In my early twenties, I discovered a book titled Zen in the Art of
Archery . It was written by a German academic, called Eugen Herrigel,
who had studied the Japanese art of ky?d? (ritualised Shint? archery)
between the years 1924 and 1929.
This exotic Zen-flavoured feat had been accomplished as a result of
the opportunities Herrigel had enjoyed whilst teaching philosophy at
Tohoku Imperial University, in Sendai, Japan.
His interest in Zen mysticism had been kindled much earlier than that,
however – during his time studying theology in Germany. And so, in
order to pursue further insights into Zen culture, Herrigel had decided to
live in Japan.
Upon arriving in Sendai, he had discussed his deeper intentions with
a local acquaintance he had made there, and was subsequently advised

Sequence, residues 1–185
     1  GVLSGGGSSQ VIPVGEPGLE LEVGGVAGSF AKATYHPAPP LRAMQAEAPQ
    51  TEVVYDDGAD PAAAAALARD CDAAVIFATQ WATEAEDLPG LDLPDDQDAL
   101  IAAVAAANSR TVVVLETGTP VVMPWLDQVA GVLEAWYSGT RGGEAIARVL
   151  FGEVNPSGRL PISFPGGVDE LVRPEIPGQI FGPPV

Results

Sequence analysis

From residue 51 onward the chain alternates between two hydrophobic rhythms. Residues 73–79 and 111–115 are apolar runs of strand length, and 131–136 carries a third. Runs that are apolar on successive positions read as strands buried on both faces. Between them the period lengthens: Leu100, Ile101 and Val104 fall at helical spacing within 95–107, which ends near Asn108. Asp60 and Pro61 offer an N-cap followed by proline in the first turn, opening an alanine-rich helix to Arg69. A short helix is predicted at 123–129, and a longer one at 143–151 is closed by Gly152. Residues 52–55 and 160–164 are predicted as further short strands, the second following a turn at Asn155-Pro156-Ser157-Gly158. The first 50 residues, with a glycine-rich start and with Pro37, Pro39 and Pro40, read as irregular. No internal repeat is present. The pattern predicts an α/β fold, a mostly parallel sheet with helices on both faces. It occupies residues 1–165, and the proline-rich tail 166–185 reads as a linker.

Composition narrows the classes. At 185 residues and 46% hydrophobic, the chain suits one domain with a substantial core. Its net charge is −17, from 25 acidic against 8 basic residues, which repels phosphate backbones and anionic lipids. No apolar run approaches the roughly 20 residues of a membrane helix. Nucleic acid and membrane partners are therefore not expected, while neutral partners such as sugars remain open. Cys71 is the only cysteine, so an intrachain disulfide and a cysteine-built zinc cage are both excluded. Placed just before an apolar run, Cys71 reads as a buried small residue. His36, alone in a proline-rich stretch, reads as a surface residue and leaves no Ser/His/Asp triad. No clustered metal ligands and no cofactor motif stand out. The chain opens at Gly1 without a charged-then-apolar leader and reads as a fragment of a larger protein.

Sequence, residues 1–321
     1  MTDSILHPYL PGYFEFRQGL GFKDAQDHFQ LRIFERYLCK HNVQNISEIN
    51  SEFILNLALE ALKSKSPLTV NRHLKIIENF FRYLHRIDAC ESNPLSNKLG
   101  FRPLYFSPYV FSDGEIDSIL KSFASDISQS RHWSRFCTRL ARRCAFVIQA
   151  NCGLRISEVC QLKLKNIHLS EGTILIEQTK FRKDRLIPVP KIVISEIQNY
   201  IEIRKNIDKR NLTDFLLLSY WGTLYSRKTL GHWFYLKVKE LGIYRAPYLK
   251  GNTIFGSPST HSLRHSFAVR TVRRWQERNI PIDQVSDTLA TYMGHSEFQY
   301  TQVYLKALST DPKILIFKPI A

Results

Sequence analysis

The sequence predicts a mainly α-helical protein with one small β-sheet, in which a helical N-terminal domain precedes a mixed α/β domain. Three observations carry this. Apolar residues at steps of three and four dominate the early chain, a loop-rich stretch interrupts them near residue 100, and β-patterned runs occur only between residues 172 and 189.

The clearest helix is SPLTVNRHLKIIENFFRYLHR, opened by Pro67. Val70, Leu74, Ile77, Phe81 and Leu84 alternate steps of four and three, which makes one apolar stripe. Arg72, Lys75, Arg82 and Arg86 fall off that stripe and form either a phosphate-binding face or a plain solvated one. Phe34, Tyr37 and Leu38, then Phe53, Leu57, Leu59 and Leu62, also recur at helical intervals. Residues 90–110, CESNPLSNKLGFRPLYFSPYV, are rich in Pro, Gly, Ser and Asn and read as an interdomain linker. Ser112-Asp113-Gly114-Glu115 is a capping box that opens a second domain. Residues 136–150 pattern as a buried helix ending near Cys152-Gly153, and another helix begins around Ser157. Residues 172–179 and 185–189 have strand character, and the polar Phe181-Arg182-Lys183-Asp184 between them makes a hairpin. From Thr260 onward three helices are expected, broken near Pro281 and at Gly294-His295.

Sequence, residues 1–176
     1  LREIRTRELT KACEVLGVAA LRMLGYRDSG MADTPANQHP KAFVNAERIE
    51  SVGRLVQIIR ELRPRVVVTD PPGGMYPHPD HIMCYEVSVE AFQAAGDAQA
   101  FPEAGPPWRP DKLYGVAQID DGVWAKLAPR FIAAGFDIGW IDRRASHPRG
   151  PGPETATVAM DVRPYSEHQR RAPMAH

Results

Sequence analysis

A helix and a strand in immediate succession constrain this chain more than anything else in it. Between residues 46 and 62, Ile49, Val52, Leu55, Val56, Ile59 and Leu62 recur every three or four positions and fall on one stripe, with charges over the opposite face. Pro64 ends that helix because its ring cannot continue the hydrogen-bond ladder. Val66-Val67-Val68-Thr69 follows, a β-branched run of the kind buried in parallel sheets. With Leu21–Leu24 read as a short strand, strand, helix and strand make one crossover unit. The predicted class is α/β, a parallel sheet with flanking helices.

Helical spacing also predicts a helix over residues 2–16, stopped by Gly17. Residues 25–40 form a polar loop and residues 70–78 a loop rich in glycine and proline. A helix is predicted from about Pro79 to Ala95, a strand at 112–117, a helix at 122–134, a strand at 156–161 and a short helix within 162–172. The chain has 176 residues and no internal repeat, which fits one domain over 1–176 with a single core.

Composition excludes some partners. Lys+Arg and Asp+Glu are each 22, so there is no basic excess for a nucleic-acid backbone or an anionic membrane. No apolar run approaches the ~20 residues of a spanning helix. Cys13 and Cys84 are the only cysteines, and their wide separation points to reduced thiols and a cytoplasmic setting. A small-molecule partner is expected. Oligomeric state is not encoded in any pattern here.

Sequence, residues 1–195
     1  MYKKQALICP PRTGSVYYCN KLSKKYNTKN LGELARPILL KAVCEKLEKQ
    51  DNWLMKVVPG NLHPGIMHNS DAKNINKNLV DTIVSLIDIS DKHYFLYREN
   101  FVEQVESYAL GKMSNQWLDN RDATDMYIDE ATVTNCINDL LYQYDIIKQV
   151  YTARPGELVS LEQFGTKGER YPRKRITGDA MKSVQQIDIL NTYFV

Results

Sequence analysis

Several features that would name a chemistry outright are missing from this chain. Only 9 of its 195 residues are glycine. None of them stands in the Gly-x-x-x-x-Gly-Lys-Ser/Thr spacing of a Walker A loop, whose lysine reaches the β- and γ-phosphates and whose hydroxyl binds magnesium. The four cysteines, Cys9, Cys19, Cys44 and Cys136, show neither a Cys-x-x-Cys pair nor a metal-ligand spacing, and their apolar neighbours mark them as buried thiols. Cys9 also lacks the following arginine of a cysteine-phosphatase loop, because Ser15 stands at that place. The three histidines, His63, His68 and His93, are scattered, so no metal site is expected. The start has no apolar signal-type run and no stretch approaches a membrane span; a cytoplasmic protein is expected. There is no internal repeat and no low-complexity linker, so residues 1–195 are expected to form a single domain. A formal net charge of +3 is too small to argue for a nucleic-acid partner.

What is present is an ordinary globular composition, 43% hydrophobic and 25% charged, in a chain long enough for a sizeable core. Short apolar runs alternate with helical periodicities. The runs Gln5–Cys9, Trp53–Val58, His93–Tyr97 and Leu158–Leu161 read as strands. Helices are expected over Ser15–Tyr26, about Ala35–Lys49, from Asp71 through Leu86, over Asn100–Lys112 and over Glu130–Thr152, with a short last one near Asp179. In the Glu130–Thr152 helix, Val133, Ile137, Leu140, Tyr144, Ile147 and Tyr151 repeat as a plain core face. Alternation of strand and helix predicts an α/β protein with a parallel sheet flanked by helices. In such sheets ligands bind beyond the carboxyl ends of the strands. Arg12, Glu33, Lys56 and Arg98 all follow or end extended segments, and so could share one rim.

to take up a traditional Japanese Zen art – in order to approach Zen in a
more practical way.
Soon afterwards, Herrigel discovered an eccentric ky?d? teacher and
mystic, called Awa Kenzo, and began studying under him as a disciple –
at the age of forty-one years old.
Around nineteen years later, in 1948, Zen in the Art of Archery was
published in Europe – as a formal account of the German professor’s
experience when learning the ‘Zen’ of ky?d? for a few years in Japan.
The book became an instant classic in the West – especially as a
gateway of sorts for lay readers to gain a glimpse of the Japanese Zen